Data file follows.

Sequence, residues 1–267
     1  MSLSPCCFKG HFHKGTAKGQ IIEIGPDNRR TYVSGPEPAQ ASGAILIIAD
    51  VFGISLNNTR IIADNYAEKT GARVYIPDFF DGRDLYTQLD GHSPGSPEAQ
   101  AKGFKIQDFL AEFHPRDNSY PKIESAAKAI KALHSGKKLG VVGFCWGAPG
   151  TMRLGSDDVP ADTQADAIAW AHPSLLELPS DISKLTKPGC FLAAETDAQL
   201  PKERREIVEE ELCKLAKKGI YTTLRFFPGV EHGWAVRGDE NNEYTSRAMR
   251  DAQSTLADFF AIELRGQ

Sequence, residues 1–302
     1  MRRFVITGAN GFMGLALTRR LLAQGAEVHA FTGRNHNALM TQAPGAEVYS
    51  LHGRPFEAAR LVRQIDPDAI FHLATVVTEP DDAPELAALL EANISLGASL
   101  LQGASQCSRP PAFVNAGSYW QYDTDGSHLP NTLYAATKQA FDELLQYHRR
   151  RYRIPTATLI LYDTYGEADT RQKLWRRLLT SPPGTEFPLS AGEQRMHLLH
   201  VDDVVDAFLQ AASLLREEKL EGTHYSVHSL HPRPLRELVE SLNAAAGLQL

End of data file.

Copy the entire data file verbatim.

Sequence, residues 1–267
     1  MSLSPCCFKG HFHKGTAKGQ IIEIGPDNRR TYVSGPEPAQ ASGAILIIAD
    51  VFGISLNNTR IIADNYAEKT GARVYIPDFF DGRDLYTQLD GHSPGSPEAQ
   101  AKGFKIQDFL AEFHPRDNSY PKIESAAKAI KALHSGKKLG VVGFCWGAPG
   151  TMRLGSDDVP ADTQADAIAW AHPSLLELPS DISKLTKPGC FLAAETDAQL
   201  PKERREIVEE ELCKLAKKGI YTTLRFFPGV EHGWAVRGDE NNEYTSRAMR
   251  DAQSTLADFF AIELRGQ

Sequence, residues 1–302
     1  MRRFVITGAN GFMGLALTRR LLAQGAEVHA FTGRNHNALM TQAPGAEVYS
    51  LHGRPFEAAR LVRQIDPDAI FHLATVVTEP DDAPELAALL EANISLGASL
   101  LQGASQCSRP PAFVNAGSYW QYDTDGSHLP NTLYAATKQA FDELLQYHRR
   151  RYRIPTATLI LYDTYGEADT RQKLWRRLLT SPPGTEFPLS AGEQRMHLLH
   201  VDDVVDAFLQ AASLLREEKL EGTHYSVHSL HPRPLRELVE SLNAAAGLQL